Sandy's Analysis

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By Stephen Gode on November 1, 2012, 5:37pm Last modified: November 2, 2012, 10:50pm

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(In the image above, rapidly falling pressure on the order of over 10 millibars in 3 hours indicated the approach of Sandy just before landfall near Atlantic City, New Jersey. Courtesy of College of Dupage)

Hurricane Sandy had one of the most unusual tracks for any tropical system. Sandy track was a bit similar to the 1938 New England Hurricane and the 1903 New Jersey Hurricane, but they did not originate in the Caribbean, for one. They are similar that they became influenced by a trough, and instead of going out to sea; they turned more toward the coast. There have been other storms in the past that transitioned from a hurricane or tropical system into a snowstorm. One example was the New England’s Snow Hurricane of 1804, but instead of heavy snow in New England, the heavy snow was mainly in the higher elevations of West Virginia. Sandy became influenced by multiple other systems, but generally slithered North from the Caribbean and revved back like an upper-cut punch into the East Coast of US.

There was a negative NAO to indicate potential for a storm along the coast a week in advance. Also, some models were also indicating a tropical system or a nor’easter over a week in advance. One of the models, ECMWF, handled Sandy fairly well more than a week out by generally following the actual track of Sandy. With days before the storm was supposed to make landfall, it was hard to imagine the track and intensity to be believable on the models, because it was so rare. The MJO was in favor for the Atlantic to have enhanced tropical development before Sandy even organized into a Tropical Storm from the start. The Arctic Oscillation was negative; which sometimes indicate coastal storm development, too. The PDO and PNA was negative; which is not typically favorable for a storm along the East Coast when predicted to make landfall in the Mid-Atlantic.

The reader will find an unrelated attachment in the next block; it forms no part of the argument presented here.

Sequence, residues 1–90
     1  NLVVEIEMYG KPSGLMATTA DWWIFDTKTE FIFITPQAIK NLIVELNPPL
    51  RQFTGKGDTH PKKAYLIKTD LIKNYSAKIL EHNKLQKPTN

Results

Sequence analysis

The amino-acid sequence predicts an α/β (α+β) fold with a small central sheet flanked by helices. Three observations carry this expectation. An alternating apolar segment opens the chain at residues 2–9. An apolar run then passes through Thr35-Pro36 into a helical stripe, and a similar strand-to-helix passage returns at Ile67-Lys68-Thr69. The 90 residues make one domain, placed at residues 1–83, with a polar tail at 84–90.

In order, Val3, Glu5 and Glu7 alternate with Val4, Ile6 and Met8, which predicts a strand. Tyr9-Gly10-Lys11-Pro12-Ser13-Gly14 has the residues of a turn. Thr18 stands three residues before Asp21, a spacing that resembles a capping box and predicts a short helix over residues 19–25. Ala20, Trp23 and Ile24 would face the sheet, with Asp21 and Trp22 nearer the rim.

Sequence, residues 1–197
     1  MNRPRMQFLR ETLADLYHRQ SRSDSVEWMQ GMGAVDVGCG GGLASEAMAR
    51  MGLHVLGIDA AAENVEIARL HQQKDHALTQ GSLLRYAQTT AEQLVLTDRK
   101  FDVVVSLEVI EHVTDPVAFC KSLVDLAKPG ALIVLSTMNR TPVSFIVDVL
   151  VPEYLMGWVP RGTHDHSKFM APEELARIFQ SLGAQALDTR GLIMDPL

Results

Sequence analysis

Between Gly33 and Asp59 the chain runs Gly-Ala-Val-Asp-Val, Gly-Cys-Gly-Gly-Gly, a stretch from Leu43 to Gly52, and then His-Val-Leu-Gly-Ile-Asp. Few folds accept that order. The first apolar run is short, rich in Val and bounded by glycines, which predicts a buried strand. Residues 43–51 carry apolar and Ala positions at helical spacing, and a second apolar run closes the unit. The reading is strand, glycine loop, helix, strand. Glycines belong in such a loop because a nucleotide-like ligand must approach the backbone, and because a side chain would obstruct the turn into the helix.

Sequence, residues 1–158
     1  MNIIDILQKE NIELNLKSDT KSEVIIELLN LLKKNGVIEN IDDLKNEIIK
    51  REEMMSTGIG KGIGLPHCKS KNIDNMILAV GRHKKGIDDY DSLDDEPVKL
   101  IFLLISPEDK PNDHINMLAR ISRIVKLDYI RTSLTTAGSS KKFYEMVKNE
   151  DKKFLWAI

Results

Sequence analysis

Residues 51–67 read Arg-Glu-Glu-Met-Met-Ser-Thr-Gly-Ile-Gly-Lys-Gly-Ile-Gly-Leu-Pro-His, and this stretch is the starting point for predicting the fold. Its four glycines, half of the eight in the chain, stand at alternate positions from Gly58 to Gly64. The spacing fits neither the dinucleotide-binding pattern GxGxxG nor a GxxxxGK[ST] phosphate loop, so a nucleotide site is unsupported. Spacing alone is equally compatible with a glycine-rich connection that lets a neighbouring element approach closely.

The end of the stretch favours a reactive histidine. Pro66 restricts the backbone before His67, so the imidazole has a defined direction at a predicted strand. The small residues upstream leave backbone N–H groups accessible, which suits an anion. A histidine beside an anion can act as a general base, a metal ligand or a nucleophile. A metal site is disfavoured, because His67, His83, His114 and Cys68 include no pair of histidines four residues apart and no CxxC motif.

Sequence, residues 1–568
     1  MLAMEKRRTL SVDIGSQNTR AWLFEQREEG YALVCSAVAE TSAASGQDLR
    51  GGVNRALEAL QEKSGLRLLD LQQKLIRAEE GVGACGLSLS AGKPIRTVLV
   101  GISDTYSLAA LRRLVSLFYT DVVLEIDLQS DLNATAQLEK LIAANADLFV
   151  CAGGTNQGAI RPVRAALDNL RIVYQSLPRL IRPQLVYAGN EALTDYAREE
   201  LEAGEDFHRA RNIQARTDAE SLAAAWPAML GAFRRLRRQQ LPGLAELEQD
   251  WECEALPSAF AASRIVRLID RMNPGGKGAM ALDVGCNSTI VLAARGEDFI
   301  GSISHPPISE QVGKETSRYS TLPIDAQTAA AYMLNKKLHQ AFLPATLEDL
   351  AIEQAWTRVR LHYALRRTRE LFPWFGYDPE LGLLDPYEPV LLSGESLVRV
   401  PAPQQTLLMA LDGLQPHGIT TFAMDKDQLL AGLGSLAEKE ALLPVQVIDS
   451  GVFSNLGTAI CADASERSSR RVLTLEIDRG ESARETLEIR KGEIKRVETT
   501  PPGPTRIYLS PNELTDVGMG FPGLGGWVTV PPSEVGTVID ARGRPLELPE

The storm was starting to really be a hybrid when it was just coming out of the Bahamas when additional shear and cooler and drier air starting influencing the system.  The wind field started expanding when Sandy was going past the Bahamas. She weakened to a Tropical Storm briefly, but then additional strengthening occurred. She became really influenced by the trough and was becoming pushed out to sea. Although, Sandy was interacting by a Fujiwara Effect (not completely the same, because usually from multiple tropical systems interacting) from a large ocean storm to the east and then the digging negatively-tilted trough to the west (which influenced Sandy the most). After, the trough had an additional vorticity maximum flying over across America which dug around the trough, which then became negatively tilted. The energy cut-off from the flow of the jet stream and the proximity to Sandy pulled Sandy back to the coast to phase energy for additional strengthening. A baroclinic event started to take place with Sandy approaching the coast. Cold dry air and warm moist air along with well above normal sea surface water temperatures of the Gulf Stream that made Sandy strengthen like a nor'easter  Sandy became more Post-Tropical at landfall, because it became more of a vertically stacked low pressure center along with friction of the coast to start to weaken her. There was a blocking high to the Northeast to keep the system from continuing Northeast out to sea. Sandy became cold core when snow was falling near Sandy’s center when she was centered over Pennsylvania.